When discussing the most valuable substances on earth, some may be surprised to find certain types of snake venom on the list. That is because the same toxic compounds that make snake venom so dangerous can also save lives. As a means for snakes to capture prey, snake venom’s chemical properties that allow it to incapacitate animals are also well-suited for medicinal purposes. Beyond being used to create antivenom for snake bites, some snake venoms contain compounds like captopril and batroxobin that, when isolated, have incredible medical potential to treat conditions as serious (and commonplace) as strokes, heart disease, and kidney issues.[vi]

Antibacterial toxins: Bacteriophages and beyond

Antibiotic-resistant bacteria is a major concern in the treatment of bacterial diseases today. Rampant antibiotic misuse in medical and agricultural settings have allowed these bacterial strains to thrive, resulting in the deaths of tens of thousands of people per year, a number that will only continue to grow as antibiotics prove to be less and less effective. This has led some researchers to explore bacteriocins as a way to stop this worrying trend. These toxins, which are produced by bacteriophages (viruses that infect bacteria), can target harmful bacteria strains that have so far been immune to traditional antibiotics.[vii] With some researchers predicting total antibiotic ineffectiveness by the year 2050, bacteriocins may be the best hope for a viable alternative in treating these diseases.

Toxins: Untapped Medical Potential

Rethinking toxins as a benign, or even positive force in people’s lives may seem difficult to grasp on the surface, but education on the nature of toxins can help us better understand the role toxins can play in improving our lives. Luckily, this knowledge base is expanding. The utility of toxins is an area of research that is constantly growing, with medications in clinical trials and coming to market that would not exist without compounds labeled as toxins. This does not mean all toxins are good for people, nor that there is a safe way to ingest every toxin, but it does show that labelling all toxins as dangerous is short-sighted and neglects their considerable potential.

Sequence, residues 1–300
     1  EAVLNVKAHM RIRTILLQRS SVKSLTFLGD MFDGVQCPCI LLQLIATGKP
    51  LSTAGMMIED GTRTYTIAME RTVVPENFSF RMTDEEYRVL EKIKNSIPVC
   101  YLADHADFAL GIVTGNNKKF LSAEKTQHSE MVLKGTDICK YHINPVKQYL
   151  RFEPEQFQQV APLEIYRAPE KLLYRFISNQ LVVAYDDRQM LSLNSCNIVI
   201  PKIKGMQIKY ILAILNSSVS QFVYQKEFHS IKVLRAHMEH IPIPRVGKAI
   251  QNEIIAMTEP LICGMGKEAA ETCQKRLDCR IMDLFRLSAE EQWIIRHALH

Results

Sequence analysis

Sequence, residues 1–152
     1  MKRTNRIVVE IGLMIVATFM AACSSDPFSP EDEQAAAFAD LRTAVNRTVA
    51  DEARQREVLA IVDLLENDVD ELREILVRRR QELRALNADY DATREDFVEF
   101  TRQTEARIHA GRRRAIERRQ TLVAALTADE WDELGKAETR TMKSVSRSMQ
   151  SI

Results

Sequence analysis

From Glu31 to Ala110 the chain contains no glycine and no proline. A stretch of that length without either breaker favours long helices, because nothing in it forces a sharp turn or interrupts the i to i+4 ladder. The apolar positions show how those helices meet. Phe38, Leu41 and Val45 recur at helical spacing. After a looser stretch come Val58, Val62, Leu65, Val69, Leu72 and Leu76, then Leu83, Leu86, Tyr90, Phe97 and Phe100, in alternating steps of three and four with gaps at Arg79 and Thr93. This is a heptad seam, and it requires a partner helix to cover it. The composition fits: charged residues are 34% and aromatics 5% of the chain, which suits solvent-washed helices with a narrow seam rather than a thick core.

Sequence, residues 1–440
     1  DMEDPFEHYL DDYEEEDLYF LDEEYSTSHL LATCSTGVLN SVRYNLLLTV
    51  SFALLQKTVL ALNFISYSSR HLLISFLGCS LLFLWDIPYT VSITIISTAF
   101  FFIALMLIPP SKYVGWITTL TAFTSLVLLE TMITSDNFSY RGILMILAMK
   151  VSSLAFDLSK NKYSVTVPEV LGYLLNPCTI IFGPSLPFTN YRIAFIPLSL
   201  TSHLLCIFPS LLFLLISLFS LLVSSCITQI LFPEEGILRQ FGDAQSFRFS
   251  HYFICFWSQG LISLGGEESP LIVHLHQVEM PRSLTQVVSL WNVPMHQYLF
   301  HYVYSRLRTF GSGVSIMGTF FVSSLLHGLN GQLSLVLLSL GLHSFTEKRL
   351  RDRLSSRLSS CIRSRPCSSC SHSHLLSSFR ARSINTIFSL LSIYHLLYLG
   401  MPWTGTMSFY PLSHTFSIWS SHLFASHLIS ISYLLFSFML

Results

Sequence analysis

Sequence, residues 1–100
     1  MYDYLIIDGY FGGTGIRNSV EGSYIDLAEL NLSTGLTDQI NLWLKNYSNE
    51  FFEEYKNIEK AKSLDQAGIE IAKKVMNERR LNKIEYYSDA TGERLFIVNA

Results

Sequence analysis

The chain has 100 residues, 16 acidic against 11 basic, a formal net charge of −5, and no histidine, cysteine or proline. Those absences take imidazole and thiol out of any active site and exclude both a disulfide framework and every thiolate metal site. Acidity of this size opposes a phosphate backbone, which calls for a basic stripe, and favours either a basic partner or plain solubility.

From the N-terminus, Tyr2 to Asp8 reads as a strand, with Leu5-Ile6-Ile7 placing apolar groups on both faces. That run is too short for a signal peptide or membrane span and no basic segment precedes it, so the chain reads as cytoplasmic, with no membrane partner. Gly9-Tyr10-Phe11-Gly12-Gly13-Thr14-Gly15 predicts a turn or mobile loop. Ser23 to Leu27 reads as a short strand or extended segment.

In the next article, we will discuss Tetrodotoxin, the active ingredient in WEX’s non-opioid analgesic Halneuron®.








[i] Casale, Marc J, et al. “Nutmeg Intoxication: A Case Report.” Cureus, 2023,


[ii] Chaouali, Nadia, et al. “Potential Toxic Levels of Cyanide  in Almonds (Prunus amygdalus), Apricot Kernels (Prunus armeniaca), and Almond Syrup.” ISRN Toxicology, vol. 2013, 2013, pp. 1–6,


[iii] Adamcová, Anežka et al. “Lectin Activity in Commonly Consumed Plant-Based Foods: Calling for Method Harmonization and Risk Assessment.” Foods (Basel, Switzerland) vol. 10,11 2796. 13 Nov. 2021, doi:10.3390/foods10112796

[iv] Yoo, Michael J, and Brandon M Carius. “Mango Dermatitis After Urushiol Sensitization.” Clinical practice and cases in emergency medicine vol. 3,4 361-363. 30 Sep. 2019, doi:10.5811/cpcem.2019.6.43196

[v] Dhaked, Ram Kumar et al. “Botulinum toxin: bioweapon & magic drug.” The Indian journal of medical research vol. 132,5 (2010): 489-503.

[vi] Mohamed Abd El-Aziz, Tarek et al. “Snake Venoms in Drug Discovery: Valuable Therapeutic Tools for Life Saving.” Toxins vol. 11,10 564. 25 Sep. 2019, doi:10.3390/toxins11100564

[vii] Gradisteanu Pircalabioru, Gratiela et al. “Bacteriocins in the Era of Antibiotic Resistance: Rising to the Challenge.” Pharmaceutics vol. 13,2 196. 2 Feb. 2021, doi:10.3390/pharmaceutics13020196